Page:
Physicians: Our surgeons use the mi-eye 2 not only because of the value to the system. They love the fact that they can get a dynamic view inside of the joint by using the camera in the office. The MRI’s are a wonderful tool, but they are a static image of the body at one point in time. The mi- eye allows the physicians to literally have their eye inside of the patient to achieve dynamic diagnostics. Additionally, they can confidently deliver biologics under direct visualization through the lumen of the needle.

Providers: Often times, something that is great for patients might be very expensive. Or if it’s great for the system, maybe it doesn’t fit a clinical need of the physician. In this case, we have peer-reviewed data supporting the fact that for intra-articular pathology, the mi-eye performed on the initial patient visit is the most cost-effective way to manage their imaging needs.

To that point, how does the mi-eye compare with the other options that are on the market? 

Well we don’t really have true, comparable competitors in the market at this time. Our real cost competitor is the MRI. Looking at our device in a single day setting, compared to the amount of time, office visits, MRI costs, and MRI reads, we are really in a great spot. As I mentioned earlier, the mi-eye provides incredible value to all parties involved. However, the MRI and Ultrasound will never and should never go away. They are wonderful tools and will always have a place. The mi-eye is just another great diagnostic option for today’s busy surgeon.

What are some of the other things you are excited about as you look at what’s ahead for Trice? 

We are really excited about getting the CE mark two weeks ago and getting Health Canada approval. In many countries around the world, it can take weeks or months to get MRI’s so we really have a great value proposition outside of the U.S.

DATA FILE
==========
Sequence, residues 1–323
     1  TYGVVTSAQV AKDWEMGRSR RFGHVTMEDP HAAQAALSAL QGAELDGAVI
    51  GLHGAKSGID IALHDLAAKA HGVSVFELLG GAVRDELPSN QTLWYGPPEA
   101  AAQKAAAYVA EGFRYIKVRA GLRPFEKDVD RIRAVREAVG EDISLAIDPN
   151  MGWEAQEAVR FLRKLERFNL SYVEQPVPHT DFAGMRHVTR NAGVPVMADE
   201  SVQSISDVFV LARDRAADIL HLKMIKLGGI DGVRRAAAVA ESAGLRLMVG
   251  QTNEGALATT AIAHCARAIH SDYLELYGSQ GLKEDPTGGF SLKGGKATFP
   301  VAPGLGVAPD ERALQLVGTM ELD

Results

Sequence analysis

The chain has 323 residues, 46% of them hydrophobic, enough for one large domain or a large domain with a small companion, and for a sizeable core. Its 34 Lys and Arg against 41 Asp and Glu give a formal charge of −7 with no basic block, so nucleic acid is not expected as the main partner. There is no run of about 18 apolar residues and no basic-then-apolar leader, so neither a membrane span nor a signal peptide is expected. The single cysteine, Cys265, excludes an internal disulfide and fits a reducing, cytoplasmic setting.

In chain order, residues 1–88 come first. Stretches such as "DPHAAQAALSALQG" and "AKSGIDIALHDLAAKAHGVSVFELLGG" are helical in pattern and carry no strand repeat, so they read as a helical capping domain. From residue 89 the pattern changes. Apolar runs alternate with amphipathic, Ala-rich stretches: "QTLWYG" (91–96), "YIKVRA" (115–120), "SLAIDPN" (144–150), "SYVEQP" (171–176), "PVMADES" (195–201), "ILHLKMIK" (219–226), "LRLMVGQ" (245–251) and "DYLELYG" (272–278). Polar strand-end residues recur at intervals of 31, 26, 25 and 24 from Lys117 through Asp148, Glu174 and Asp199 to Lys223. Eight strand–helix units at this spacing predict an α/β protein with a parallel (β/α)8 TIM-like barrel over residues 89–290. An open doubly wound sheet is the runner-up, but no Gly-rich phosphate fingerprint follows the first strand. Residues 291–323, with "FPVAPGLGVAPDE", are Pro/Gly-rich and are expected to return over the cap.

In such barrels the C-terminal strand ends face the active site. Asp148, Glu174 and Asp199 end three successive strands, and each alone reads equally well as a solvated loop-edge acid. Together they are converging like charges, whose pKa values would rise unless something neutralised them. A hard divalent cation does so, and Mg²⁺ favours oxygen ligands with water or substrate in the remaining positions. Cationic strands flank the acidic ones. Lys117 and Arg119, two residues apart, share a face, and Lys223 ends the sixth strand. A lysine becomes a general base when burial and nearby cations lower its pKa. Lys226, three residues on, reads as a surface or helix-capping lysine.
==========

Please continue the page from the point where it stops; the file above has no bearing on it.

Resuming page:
We are also excited about the expansion of indications. We’ve seen recon physicians using mi-eye to determine partial vs total knee candidates. We’ve seen trauma physicians using it to confirm fracture reduction. And most recently, we launched our hip camera and the ability to get additional information inside of the hip while delivering an injection, or potentially removing the need for fluoro, is really quite powerful.

Well Mark we really appreciate you spending some time with us and giving us some keen insights into the mi-eye 2. Congratulations on all of the success and we are looking forward to what lies ahead! 

Thanks guys, hope you have a great rest of your day.

 

More Information:

Trice Medical 

 

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Mason Krell

Mason began his career in the Orthopedic Industry in 2017 when he joined The De Angelis Group as a Research Manager. He has developed a strong network within the industry and is very dedicated to helping companies maximize opportunities and disrupt markets.